B.A. in Linguistics

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With the Bachelor of Arts in Linguistics at Great Northern University, you may choose between two concentrations: Applied Linguistics and Research Linguistics. Either concentration will provide you with a strong foundation in linguistic analysis, field research methods, and an ability to examine and describe the sociolinguistic or literary status of dialects, creoles, or minority languages.

The program offers the flexibility for direct application to any related career path, including Bible translation or language teaching (Applied Linguistics), or field research and theory (Research Linguistics).

The degree combines coursework on site with one or two summers of study with the Canada Institute of Linguistics. The emphasis for this program is on integrating theory and strong linguistic analysis with a growing proficiency in modern and classical languages, and spiritual growth and missional focus for cross-cultural work or field research.

Applied Linguistics Concentration Suggested Plan 

Research Linguistics Concentration Suggested Plan

What Can I Do with a Linguistics Degree?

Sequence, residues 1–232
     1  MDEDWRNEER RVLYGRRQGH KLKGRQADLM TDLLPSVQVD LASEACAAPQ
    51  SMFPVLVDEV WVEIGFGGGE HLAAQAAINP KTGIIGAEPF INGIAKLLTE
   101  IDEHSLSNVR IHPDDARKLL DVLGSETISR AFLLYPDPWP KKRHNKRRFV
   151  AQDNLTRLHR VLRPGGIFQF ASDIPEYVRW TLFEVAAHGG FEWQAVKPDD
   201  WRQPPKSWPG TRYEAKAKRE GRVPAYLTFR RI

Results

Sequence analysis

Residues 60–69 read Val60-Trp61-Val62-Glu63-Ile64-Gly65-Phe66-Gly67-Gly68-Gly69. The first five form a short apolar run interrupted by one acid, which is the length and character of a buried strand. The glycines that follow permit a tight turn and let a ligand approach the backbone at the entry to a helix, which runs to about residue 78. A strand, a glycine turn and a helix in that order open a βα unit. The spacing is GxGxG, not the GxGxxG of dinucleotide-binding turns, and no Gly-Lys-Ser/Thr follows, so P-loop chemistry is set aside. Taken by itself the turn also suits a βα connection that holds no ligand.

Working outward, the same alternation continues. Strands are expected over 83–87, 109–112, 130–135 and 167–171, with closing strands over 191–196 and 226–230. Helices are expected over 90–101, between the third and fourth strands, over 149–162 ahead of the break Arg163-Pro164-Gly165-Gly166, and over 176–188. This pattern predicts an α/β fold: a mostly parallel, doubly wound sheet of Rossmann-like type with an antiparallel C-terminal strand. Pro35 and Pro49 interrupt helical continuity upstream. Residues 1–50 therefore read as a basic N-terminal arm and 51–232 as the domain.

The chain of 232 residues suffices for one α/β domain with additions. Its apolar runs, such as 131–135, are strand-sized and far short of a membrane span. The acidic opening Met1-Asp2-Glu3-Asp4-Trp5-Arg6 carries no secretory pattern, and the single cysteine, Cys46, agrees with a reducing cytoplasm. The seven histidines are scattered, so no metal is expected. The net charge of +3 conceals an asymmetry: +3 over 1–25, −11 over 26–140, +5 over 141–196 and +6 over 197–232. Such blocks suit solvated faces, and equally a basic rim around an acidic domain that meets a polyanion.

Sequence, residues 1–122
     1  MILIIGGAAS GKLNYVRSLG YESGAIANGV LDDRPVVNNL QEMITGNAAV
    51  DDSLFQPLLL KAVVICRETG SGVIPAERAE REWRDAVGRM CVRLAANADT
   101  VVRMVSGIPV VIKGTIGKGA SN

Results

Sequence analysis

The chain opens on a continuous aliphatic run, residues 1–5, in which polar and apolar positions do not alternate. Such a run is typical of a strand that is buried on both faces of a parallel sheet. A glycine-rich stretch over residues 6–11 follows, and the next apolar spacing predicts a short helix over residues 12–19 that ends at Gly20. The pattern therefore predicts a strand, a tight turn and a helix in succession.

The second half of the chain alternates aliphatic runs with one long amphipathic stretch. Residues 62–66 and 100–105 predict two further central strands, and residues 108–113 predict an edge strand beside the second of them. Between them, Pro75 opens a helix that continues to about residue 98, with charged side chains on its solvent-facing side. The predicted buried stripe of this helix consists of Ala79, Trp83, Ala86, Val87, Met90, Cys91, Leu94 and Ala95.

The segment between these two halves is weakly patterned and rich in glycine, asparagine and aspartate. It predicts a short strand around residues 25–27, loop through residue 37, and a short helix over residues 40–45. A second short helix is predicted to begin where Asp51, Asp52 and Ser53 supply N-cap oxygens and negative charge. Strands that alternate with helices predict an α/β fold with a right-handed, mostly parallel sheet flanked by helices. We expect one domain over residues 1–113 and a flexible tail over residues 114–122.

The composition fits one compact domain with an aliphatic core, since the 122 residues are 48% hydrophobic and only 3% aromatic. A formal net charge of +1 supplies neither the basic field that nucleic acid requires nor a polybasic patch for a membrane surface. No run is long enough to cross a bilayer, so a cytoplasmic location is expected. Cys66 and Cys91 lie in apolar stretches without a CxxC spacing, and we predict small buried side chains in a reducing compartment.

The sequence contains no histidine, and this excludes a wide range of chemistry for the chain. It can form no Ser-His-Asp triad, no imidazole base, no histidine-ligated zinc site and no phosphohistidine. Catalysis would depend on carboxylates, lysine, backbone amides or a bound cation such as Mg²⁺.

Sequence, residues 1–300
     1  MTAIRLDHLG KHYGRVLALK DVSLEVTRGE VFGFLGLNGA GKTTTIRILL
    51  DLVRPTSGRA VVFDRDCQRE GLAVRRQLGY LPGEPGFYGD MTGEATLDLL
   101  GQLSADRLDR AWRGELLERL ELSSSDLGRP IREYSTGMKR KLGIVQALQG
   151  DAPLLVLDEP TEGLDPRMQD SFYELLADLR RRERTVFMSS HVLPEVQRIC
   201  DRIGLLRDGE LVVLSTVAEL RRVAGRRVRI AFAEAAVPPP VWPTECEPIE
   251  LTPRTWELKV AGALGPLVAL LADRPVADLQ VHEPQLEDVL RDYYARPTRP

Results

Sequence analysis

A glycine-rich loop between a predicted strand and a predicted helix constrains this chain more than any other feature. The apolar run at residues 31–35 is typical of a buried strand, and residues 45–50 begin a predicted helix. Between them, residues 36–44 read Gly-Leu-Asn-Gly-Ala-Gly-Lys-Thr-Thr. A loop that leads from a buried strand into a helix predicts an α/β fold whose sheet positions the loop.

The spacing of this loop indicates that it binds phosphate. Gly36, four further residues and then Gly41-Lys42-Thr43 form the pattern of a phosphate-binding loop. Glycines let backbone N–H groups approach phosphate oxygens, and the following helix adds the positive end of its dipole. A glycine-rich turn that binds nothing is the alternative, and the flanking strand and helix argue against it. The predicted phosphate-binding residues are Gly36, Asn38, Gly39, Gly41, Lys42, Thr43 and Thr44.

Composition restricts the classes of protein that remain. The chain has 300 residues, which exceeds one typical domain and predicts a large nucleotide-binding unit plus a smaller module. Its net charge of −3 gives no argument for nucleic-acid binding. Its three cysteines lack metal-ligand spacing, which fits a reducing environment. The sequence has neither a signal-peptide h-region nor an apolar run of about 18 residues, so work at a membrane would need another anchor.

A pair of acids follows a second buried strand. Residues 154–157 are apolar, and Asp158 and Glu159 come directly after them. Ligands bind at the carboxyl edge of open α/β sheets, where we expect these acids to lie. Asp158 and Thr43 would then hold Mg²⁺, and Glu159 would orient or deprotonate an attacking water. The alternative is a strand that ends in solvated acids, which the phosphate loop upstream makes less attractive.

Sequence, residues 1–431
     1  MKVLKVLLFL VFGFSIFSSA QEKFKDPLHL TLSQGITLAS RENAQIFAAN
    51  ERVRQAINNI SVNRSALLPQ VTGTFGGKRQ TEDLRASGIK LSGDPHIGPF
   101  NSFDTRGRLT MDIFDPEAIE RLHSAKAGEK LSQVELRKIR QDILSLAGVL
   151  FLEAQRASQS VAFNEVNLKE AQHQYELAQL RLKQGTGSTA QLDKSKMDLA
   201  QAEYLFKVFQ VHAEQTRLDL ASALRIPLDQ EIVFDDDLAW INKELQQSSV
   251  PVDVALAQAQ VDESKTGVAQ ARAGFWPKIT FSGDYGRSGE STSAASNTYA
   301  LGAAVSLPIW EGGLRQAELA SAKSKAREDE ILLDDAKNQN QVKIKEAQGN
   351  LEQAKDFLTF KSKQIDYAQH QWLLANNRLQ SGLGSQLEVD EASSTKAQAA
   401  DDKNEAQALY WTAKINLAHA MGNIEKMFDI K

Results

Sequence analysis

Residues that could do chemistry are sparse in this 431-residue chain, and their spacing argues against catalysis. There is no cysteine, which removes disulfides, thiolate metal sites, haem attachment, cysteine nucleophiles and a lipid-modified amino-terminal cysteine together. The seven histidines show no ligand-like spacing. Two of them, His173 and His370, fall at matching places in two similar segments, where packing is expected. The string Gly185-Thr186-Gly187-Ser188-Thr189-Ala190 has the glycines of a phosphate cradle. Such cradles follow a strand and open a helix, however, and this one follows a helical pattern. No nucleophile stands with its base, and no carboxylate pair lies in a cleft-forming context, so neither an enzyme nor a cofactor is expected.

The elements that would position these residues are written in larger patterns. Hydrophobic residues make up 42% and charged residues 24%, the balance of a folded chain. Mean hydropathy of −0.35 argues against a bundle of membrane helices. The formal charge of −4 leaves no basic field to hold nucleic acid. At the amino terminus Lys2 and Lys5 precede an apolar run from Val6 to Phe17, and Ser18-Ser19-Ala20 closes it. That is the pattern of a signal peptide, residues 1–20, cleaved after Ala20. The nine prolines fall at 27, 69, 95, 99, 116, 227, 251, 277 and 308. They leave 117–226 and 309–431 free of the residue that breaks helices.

• Speech and Language Therapy
  • Lexicography
  • Teaching a foreign language
  • Bible Translation

Sample Core Courses

Introduction to Linguistics

A survey of the major subfields of linguistics, including phonetics, phonology, morphology, syntax, semantics, sociolinguistics, language varieties and an introduction to the history of English. The approach to this course is practical, emphasizing problem solving and providing the field skills necessary for analyzing the structure of English and other languages as a basis for any linguistics or applied linguistics degree (e.g. Bible translation, TESOL).

Issues in Modern Missions

This course discusses the issues of cross-cultural barriers, the importance of getting the Word of God into other languages, the relationship of the missionary to the various phases of the work of evangelism, church planting, partnering, and the place of development projects as an expression of missions. Biblical underpinnings are examined.

Morphology and Syntax          

This course introduces the student to principles of linguistics related to syntax and morphology across languages. Coursework develops analytical and problem solving skills and includes typology and comparative analysis, with many examples from English. The impact of native language structure on the acquisition of English as a second or foreign language is also covered, with practical application of relevant theory, research, and principles to an ESL pedagogical context.

Research Methods

A course that develops an understanding of the principles and effective methods and strategies for conducting linguistic research related to literacy and sociolinguistic status of any minority language, dialect, creole or pidgin tongue. Develops practical and analytical skills for the planning, organization and conduct of field research.